Departmental (media releases)
21 December 2018
With the festive season in full swing and NSW seafood flying off the shelves, authorities are
clamping down on illegal seafood sales in a joint operation between NSW Department of Primary
Industries (DPI), the NSW Food Authority and NSW Police.
NSW DPI Director Fisheries Compliance Patrick Tully said the focus is on illegal seafood sales,
particularly black market oysters.
“In 2007 we started Operation Trident to crack down on the illegal harvesting of oysters, and for 11
years now we’re been working with NSW Police and the NSW Food Authority to ensure that the
seafood that lands on NSW plates is safe, lawfully obtained and sustainably harvested,” he said.
"The Christmas and New Year holiday period is always the peak season for seafood and oyster
consumption, which also leads to a rise in illegal seafood trading.
“Our operation includes covert and overt patrols and inspections across NSW, and is designed to
detect and deter oyster theft and protect consumers against potentially unsafe black market
“Black market seafood threatens legitimate operators who invest vast amounts of time and money
to produce premium quality and safe oysters.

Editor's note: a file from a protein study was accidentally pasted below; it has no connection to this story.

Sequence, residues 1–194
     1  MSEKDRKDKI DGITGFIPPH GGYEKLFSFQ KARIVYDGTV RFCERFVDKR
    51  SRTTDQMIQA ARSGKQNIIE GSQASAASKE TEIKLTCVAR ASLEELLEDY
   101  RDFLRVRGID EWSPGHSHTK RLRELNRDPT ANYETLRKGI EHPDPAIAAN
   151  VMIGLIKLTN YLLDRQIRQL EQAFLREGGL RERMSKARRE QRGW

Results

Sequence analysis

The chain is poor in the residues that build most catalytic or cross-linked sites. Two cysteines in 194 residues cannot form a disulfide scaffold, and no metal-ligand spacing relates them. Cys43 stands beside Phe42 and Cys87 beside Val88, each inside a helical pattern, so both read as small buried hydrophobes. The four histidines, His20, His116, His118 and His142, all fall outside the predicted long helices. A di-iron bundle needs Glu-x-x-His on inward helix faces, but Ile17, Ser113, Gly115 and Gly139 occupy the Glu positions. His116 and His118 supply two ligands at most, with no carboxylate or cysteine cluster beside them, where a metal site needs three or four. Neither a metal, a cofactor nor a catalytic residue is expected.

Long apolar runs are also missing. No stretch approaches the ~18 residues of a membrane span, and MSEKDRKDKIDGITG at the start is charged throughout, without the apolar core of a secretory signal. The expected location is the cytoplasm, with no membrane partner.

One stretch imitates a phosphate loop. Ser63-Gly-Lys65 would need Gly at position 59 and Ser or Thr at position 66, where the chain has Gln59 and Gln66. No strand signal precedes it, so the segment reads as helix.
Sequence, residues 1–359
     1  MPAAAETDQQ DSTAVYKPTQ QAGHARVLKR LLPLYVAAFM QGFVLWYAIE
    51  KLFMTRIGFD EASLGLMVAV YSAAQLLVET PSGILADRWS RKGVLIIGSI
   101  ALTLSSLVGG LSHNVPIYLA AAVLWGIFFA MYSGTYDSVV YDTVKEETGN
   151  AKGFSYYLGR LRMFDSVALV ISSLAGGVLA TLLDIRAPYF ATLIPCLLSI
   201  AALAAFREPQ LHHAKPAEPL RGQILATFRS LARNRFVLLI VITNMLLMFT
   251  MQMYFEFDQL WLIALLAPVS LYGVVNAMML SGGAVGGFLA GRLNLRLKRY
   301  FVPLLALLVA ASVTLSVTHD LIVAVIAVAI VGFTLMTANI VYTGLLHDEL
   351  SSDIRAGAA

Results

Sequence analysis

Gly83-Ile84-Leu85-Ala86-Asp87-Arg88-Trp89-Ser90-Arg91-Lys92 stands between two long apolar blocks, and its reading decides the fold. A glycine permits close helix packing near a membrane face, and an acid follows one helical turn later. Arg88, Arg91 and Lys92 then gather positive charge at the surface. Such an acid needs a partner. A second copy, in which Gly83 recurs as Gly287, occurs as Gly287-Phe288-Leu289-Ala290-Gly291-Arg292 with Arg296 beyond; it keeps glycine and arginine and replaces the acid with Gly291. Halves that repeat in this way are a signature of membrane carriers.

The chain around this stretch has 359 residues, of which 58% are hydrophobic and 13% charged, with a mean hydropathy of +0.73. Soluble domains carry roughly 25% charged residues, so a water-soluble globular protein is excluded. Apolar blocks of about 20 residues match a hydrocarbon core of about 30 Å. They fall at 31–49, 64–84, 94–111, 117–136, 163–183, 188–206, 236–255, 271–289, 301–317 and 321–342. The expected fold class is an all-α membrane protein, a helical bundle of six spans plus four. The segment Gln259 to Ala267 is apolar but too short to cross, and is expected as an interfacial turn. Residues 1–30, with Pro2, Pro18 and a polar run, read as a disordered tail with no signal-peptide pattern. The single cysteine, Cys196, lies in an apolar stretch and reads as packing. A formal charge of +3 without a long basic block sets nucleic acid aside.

“Maximum fines of up to $275,000 and imprisonment apply and offences are created in the black
market trade by both sellers and buyers.
“NSW is known for producing a diverse range of delicious, fresh and healthy seafood that is
enjoyed by customers all over the world, and we want to keep it that way.”
NSW Food Authority CEO Dr Lisa Szabo said the black market oyster trade poses a health risk to
“Illegal seafood is often stored in the backs of unrefrigerated trucks and we strongly advise against
anyone consuming seafood if they don’t know where it’s come from,” Dr Szabo said.
“Stolen oysters might not come from an area covered by the NSW Shellfish Program, so the NSW
Food Authority recommends people only buy oysters from reputable retailers as these oysters
have been monitored for their safety.”
State Rural Crime Co-ordinator Detective Inspector Cameron Whiteside from NSW Police said
“We encourage people to report these thefts so we can have timely investigations and put a stop to
Anyone with information on suspected oyster theft or marine-related crimes should contact Crime
Stoppers on 1800 333 000, or use the Crime Stoppers online reporting
Illegal fishing can be reported to Fishers Watch on 1800 043 536 at DPI’s website.